As the Indian cotton yarn inventory grows, simultaneously, prices of cotton yarn fell from the recent peak seen at the beginning of this year.
Industry leaders are expecting a further price decline from 1 May when a revision in rates is due to less demand.
For the last 15 days, almost all counts of yarn prices have dropped by at least ₹10 a kg as demand is low due to the 2nd wave of COVID-19. This deadly second wave affected the textile mills production have dropped and it is impacting yarn offtake.
In the last 6 months, Indian spinning mills passed a good time with huge demand for yarn came from Indian and global markets.
In recent times, India’s COVID positive has taken a deadly turn. With the surge of COVID cases and many States have stated lockdowns. This has forced many spinning mills’ workers, who have come from other States, to go back to their villages due to fears of strict lockdown like last year. Interrupting the production.
“A yarn inventory of 15 days has built up,” said K Selvaraju, Secretary-General, Southern India Mills Association (SIMA), the apex body of the textile industry in southern India.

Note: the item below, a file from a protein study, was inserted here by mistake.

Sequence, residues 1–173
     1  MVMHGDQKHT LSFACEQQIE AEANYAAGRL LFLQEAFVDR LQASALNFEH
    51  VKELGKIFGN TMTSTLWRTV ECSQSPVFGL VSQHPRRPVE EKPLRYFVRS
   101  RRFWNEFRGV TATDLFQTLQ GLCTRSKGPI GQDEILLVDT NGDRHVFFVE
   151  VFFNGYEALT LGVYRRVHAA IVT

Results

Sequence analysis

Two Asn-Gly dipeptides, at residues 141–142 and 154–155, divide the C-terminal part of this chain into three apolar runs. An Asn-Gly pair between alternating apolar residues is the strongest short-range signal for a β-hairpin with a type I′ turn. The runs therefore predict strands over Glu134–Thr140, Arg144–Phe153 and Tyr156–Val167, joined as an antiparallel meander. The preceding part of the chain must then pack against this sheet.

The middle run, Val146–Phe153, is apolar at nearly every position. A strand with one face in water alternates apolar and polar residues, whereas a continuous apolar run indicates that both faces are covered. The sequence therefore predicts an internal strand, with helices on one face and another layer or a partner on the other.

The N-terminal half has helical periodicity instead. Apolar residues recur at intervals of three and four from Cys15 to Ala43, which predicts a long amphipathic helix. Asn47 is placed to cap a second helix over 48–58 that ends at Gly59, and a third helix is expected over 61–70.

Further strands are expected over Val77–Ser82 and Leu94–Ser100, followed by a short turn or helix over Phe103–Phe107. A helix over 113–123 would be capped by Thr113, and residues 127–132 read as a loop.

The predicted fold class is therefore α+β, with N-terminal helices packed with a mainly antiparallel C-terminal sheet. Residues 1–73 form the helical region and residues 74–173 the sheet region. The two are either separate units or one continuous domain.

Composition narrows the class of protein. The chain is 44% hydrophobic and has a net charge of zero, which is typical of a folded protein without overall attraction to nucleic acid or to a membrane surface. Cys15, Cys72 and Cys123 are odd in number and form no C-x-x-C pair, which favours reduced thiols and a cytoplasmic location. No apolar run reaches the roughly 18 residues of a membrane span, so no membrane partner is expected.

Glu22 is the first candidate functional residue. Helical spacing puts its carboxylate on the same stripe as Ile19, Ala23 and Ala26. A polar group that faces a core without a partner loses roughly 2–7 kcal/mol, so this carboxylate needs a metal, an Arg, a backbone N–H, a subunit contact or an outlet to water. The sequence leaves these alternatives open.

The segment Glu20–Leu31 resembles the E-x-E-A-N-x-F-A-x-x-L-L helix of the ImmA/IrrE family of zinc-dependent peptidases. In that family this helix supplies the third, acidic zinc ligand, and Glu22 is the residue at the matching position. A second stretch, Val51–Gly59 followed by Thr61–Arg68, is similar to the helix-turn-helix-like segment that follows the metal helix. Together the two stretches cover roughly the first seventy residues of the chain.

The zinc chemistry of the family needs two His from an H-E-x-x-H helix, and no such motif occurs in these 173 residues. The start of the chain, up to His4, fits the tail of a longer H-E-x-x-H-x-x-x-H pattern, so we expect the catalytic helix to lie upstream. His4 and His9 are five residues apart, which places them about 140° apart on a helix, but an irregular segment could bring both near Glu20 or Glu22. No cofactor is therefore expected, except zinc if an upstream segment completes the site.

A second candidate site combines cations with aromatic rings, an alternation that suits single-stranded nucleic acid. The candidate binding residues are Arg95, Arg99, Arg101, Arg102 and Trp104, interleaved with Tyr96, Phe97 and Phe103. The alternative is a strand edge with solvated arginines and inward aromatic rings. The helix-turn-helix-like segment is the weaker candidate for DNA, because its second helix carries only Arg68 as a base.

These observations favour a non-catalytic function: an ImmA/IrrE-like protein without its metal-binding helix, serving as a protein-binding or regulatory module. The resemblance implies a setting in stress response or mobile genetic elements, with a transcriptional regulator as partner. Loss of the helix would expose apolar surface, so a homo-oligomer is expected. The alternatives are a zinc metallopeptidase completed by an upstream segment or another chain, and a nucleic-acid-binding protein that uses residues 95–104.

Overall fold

Just some days ago, spinning mills with overstocked yarn, requested Indian PM for interference to settle yarn.
As many states in India have imposed curfew/lockdown, there has been a drop in the demand for cotton yarn.
“Spinning mills performed well. The problem has slowly started due to the increase of COVID-19 cases again, with many states now announcing lockdowns. This has forced many spinning mills’ workers, who have come from other states, to go back to their villages due to fears of another strict lockdown as it happened last year,” Atul Ganatra, President, Cotton Association of India.
While K Selvaraju, Secretary-General, Southern India Mills Association (SIMA), opines that, “Warp yarn prices have dropped by Rs. 30 per kg as there is surplus. Even weft yarn demand is down due to the closure of mills in Maharashtra. From 1 May onwards, prices could drop further.”
Selvaraju added that spinning mills were put under tremendous pressure to bring down yarn prices despite their overheads rising due to a slew of factors.
“The Cotton Corporation of India (CCI) bought cotton at MSP. Still, it cuts prices of the current season’s crop by only Rs. 100 a candy. It cuts rates of cotton produced last year by Rs. 1,100 a candy. And cotton from Gujarat, whose quality was affected, was offered Rs. 800 lower,” he said.